‘[A] thorough and entertaining book, which poses a provocative thesis… McCarthy-Jones is a funny, playful writer, especially for a psychologist… an illuminating examination of an under-discussed topic.’
and the Upside of Your Dark SideSimon McCarthy-Jones
Have you ever done something stupid, dangerous or self-sabotaging just to get one over someone else? Most of us have.
Simon McCarthy-Jones draws on psychology, current affairs, literature and genetics to illuminate – whether we admit it or not – our spiteful side. What is that part of us that secretly wants our friends to fail? Did Americans put Trump in the White House just to stick it to Hillary Clinton? And then there are the legion of stories about toxic behaviour in supermarkets and over the privet hedge, ramping up to incendiary divorces, vicious business practices, backbiting politics and scorched-earth terrorism.
There’s a hopeful message too – the upside of our dark side. Spite can drive us forward, and Simon provides a fresh perspective on the concept by showing the evolutionary benefits of spite as a social leveller, an enabler of defiance, a wellspring of freedom and a vital weapon in our everyday armoury.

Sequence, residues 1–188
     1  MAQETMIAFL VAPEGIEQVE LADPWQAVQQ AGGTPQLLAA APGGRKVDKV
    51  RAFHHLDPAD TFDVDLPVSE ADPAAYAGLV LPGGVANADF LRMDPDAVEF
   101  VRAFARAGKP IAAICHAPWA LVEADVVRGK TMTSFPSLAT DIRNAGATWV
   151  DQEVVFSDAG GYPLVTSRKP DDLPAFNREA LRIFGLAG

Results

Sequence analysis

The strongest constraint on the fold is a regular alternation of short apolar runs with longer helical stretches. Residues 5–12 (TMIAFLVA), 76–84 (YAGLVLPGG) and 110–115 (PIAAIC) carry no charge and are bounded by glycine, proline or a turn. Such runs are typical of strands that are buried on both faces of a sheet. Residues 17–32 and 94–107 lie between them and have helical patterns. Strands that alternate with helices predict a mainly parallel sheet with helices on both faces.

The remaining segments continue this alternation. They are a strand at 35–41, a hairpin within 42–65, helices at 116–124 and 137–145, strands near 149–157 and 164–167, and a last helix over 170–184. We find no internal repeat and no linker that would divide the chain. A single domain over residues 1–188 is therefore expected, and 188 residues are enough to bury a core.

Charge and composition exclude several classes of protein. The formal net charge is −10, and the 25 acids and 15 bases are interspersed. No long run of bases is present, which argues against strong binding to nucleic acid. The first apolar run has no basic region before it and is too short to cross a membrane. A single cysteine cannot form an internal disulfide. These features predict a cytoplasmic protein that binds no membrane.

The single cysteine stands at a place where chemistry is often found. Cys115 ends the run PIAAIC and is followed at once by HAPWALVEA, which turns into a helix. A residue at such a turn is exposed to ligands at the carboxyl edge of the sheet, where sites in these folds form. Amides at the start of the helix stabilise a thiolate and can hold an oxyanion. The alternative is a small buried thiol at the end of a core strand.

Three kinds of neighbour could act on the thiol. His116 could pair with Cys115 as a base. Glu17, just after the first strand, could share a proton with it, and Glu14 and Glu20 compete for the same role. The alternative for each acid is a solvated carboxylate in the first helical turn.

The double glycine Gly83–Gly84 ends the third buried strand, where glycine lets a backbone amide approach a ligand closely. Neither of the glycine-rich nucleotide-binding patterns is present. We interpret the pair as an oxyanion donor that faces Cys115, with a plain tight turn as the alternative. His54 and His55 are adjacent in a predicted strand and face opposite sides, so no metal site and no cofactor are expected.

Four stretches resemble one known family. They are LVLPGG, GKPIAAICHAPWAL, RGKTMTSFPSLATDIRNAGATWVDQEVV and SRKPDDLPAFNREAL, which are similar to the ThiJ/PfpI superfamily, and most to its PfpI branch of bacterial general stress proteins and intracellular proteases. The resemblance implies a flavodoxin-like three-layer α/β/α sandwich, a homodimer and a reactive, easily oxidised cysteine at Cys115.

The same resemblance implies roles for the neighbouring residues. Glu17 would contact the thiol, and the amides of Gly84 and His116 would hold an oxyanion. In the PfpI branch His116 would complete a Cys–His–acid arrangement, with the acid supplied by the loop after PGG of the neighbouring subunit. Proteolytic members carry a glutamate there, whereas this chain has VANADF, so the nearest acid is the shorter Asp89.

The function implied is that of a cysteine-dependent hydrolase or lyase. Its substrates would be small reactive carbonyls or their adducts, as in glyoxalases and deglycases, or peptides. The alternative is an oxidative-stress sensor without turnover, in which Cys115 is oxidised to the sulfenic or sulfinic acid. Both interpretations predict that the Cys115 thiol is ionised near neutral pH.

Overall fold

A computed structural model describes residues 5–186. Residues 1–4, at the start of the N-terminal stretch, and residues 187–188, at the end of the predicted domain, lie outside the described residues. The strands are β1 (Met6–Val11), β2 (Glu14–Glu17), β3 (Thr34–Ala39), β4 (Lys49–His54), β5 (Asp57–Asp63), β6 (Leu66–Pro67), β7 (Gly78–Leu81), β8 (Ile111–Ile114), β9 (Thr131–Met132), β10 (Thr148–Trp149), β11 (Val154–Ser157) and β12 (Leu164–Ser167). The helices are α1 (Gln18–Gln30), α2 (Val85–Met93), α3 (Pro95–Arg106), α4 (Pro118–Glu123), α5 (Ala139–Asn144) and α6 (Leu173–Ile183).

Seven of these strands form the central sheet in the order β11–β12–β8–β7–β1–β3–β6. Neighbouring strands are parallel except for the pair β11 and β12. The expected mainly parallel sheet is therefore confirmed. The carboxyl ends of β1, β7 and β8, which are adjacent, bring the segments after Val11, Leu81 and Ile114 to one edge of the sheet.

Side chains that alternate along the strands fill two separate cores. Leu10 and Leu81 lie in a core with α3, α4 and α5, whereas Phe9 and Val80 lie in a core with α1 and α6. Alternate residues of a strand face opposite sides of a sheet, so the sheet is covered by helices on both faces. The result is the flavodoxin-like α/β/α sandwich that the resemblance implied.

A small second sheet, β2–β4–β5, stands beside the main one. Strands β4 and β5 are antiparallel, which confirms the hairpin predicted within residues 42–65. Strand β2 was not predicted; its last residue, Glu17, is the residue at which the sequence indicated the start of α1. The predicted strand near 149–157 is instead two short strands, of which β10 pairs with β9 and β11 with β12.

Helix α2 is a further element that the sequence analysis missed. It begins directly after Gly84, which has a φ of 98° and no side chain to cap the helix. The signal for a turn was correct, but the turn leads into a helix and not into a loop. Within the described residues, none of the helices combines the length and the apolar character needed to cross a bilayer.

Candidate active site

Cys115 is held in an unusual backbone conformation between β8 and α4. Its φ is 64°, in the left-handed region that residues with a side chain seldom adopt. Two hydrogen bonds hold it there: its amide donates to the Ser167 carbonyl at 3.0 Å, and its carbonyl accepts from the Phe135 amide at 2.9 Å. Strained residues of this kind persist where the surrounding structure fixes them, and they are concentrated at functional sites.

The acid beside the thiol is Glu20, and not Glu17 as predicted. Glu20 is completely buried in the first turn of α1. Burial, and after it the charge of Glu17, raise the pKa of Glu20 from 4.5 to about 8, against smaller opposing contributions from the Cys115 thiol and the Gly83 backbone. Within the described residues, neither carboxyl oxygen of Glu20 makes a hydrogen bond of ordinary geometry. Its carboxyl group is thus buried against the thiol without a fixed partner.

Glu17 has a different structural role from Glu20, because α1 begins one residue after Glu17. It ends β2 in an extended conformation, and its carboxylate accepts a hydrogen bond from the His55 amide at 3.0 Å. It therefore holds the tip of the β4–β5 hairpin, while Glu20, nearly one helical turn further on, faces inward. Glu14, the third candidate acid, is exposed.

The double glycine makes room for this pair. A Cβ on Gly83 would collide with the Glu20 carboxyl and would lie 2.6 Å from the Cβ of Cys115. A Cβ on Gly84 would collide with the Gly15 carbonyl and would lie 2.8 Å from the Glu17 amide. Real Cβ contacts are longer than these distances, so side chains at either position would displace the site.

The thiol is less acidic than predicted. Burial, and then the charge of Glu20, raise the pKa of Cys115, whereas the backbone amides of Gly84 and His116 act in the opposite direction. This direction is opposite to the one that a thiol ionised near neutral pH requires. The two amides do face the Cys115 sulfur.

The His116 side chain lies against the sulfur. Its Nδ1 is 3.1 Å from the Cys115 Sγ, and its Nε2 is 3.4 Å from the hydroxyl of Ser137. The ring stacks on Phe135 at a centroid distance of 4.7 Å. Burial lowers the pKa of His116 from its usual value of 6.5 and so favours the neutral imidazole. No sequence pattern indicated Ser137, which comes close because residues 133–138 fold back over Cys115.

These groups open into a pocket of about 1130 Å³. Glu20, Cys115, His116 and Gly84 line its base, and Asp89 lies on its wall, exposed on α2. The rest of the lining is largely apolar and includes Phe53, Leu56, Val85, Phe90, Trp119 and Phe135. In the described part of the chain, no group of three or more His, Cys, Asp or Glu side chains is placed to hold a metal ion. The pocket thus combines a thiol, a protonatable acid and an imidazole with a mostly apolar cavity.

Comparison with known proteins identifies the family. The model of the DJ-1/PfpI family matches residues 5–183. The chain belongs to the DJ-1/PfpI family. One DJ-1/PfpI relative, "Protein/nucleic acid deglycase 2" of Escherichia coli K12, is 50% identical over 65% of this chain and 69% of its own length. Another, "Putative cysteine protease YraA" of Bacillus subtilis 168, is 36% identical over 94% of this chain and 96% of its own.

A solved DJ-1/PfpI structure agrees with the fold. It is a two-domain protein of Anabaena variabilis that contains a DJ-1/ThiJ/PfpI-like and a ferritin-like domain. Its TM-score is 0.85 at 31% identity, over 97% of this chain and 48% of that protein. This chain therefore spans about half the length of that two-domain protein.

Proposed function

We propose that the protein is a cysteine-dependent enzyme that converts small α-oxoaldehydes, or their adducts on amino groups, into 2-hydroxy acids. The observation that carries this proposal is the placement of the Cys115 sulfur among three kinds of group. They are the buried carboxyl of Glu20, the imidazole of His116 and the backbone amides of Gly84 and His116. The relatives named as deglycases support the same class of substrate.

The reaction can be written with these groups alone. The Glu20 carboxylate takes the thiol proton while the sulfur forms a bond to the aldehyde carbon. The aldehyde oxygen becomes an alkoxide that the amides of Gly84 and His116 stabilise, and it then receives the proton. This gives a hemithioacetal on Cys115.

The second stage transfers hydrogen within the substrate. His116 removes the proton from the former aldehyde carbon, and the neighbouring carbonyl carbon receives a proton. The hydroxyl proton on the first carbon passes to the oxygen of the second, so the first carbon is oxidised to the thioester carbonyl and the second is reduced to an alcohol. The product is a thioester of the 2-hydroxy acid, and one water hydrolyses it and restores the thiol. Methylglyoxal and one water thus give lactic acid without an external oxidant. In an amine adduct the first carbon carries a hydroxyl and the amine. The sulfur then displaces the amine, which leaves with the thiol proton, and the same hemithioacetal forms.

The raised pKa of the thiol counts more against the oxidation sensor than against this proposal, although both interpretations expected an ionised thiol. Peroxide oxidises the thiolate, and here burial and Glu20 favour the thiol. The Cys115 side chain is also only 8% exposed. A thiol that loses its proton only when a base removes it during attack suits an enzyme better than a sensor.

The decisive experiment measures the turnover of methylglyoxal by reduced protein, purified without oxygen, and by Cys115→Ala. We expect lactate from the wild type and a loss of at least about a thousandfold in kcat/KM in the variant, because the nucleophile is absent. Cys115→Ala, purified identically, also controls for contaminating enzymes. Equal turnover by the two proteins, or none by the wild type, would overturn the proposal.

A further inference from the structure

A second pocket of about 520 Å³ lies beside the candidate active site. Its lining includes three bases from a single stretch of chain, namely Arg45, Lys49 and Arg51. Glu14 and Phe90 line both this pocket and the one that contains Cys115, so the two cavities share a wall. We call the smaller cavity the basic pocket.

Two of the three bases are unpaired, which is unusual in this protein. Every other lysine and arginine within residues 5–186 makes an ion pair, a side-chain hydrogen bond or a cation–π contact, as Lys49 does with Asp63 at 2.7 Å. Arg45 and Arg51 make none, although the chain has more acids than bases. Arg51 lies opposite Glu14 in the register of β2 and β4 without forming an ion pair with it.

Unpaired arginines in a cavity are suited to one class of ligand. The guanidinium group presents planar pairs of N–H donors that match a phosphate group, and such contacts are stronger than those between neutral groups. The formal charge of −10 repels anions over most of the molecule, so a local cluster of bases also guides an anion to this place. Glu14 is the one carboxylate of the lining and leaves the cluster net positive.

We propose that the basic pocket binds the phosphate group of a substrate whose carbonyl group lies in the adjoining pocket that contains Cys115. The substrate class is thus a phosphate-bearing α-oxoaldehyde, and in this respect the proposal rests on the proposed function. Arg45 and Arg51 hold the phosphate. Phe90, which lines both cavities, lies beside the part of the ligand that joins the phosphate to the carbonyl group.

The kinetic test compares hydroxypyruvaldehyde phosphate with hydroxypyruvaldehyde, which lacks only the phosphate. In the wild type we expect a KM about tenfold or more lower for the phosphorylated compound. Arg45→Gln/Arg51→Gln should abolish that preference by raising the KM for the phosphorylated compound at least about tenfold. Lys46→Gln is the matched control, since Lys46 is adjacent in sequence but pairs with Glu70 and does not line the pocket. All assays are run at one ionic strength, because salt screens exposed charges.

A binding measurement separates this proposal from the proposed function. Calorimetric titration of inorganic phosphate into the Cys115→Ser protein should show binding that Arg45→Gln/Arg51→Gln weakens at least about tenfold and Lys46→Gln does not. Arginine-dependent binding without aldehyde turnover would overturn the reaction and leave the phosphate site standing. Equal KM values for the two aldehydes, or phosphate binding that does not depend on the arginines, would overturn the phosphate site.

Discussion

‘An informative, evidence-based page-turner. A rare pleasure.’
'Spite is a fascinating insight into how we all behave in a world of big egos and thin skins.'
‘With rigorous science, penetrating analyses, colourful and enjoyable prose, and an astonishing breadth of knowledge – Simon McCarthy-Jones has delivered a book that will undeniably be appreciated by many.’
'Spite is an eye-opening examination of humanity’s nastier impulses - from Achilles to Trump. An erudite and eloquent guide, McCarthy-Jones deftly examines cutting-edge psychological research and evolutionary theory, with some truly startling insights for our personal relationships, business and politics. You will never look at your human nature in quite the same way again.'
‘An interesting and at times provocative exploration of an emotion that has to this point been underexplored and, if McCarthy-Jones is right, significantly underappreciated.’